Monday, March 22, 2010

Defendant Finally Obtains Fee Award in Trade Secrets Claim (Precision Automation, Inc. v. Krevanko)

I wrote last year about an Oregon case where the defendant not only prevailed but also obtained a finding that the trade secrets case brought against him was conducted in "bad faith", the fee-shifting standard generally found in the Uniform Trade Secrets Act.

Nearly a year later, the defendant finally obtained the amount of his fee award: $129,432.15.

The amount awarded by the court is less than the $202,000 sought by Krevanko, which is not surprising. Courts generally are apt to reduce fee petitions by some amount. However, the defendant appeared to get most of what he requested. The bulk of the excluded fees dealt with parsing out deposition time that involved separate trademark and patent claims in the lawsuit.

I won't try and summarize the court's fee petition decision; there is no area of the law more dull and uninspiring than fee petitions. About the only real noteworthy take-away from the opinion dealt with the court's refusal to approve certain time entries for multiple attorneys who attended the same hearing or deposition. Fee petitions can appear heavy when firms double- and triple-staff cases. Other than evidentiary hearings and trials, it is difficult to recover fees for two or more lawyers covering the same matter. This case provides some precedent for parties defending fee petitions to try and excise more than one time entry for the same work.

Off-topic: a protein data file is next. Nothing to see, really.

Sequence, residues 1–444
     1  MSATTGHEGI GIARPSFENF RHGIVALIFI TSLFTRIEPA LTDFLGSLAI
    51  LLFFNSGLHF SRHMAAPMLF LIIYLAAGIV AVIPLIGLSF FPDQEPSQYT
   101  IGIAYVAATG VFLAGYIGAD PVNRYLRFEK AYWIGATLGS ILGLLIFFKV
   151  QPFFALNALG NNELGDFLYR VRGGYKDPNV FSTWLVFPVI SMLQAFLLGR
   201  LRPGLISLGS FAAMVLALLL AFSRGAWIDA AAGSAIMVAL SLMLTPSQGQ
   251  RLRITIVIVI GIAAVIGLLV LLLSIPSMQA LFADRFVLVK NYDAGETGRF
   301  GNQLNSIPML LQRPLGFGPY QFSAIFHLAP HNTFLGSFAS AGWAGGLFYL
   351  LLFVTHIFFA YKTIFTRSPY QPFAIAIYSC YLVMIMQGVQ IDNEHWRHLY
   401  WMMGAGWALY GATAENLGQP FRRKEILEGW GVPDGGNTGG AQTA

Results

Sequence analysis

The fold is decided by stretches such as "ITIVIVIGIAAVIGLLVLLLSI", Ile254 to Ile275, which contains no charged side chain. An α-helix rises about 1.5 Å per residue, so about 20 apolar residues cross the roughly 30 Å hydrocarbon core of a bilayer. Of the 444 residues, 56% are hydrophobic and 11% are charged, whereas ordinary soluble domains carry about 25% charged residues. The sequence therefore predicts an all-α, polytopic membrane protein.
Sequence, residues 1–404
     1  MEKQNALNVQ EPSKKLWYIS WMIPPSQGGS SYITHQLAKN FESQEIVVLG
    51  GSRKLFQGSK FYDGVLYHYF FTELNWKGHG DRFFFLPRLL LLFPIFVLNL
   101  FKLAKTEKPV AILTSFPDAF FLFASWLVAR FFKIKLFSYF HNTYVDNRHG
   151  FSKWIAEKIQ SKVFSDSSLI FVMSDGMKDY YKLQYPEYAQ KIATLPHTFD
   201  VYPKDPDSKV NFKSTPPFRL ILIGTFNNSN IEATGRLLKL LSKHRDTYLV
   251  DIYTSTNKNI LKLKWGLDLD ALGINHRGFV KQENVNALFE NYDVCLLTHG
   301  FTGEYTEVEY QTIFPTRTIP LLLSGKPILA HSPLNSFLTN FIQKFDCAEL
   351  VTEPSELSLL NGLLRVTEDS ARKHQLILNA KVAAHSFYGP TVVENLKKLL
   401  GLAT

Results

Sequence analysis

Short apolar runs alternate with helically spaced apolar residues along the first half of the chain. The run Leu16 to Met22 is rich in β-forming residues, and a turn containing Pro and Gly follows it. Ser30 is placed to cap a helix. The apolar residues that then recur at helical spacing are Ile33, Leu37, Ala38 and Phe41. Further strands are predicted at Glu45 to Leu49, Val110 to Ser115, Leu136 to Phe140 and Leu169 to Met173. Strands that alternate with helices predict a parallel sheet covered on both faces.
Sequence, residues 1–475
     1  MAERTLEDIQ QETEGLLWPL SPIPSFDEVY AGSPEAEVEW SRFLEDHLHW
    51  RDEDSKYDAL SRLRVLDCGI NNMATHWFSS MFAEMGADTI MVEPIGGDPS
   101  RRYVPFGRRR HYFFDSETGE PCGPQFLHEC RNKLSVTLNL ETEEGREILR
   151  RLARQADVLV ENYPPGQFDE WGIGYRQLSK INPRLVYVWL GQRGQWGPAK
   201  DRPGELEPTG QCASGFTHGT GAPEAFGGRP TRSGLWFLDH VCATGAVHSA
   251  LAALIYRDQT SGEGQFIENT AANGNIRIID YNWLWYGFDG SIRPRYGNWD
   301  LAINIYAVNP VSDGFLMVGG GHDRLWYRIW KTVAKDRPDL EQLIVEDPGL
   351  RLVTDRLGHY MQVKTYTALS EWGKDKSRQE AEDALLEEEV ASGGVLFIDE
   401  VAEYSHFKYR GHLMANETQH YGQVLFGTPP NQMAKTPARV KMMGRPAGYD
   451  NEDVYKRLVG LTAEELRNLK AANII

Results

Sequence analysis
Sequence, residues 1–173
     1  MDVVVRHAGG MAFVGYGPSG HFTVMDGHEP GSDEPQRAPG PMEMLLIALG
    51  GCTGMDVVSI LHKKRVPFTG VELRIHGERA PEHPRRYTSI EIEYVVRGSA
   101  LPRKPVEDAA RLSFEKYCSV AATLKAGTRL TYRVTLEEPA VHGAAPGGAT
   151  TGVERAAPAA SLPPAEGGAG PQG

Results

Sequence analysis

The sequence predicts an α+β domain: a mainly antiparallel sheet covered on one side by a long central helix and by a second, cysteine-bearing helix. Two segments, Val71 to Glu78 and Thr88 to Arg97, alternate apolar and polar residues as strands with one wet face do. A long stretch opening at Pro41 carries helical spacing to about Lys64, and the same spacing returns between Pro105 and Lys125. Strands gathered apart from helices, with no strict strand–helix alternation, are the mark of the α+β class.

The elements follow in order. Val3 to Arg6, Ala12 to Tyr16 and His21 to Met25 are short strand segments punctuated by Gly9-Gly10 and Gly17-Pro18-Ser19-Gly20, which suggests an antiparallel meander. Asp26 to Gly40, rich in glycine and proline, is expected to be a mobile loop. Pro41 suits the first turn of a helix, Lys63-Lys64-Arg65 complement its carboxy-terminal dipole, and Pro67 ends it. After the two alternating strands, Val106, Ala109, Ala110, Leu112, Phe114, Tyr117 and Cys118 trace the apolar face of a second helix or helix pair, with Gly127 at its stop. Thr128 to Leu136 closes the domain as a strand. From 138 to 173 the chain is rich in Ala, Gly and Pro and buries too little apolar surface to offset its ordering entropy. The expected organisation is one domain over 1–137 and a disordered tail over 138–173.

Court: United States District Court for the District of Oregon
Opinion Date: 2/16/10
Cite: Precision Automation, Inc. v. TigerStop, LLC, et al., 2010 U.S. Dist. LEXIS 25394 (D. Or. Feb. 16, 2010)
Favors: Employee
Law: Oregon

1 comment:

  1. Interesting case. The United States Courts of Appeals for the Sixth Circuit issued an opinion touching upon similar subject matter a few days ago: BDT Products v. Lexmark International. The 6th Circuit considered whether a district court could sanction a law firm that brought a trade secrets claim subsequently found to be meritless. Link to the opinion is as follows:

    Keep up the good blogging, Ken.

    Mike Greco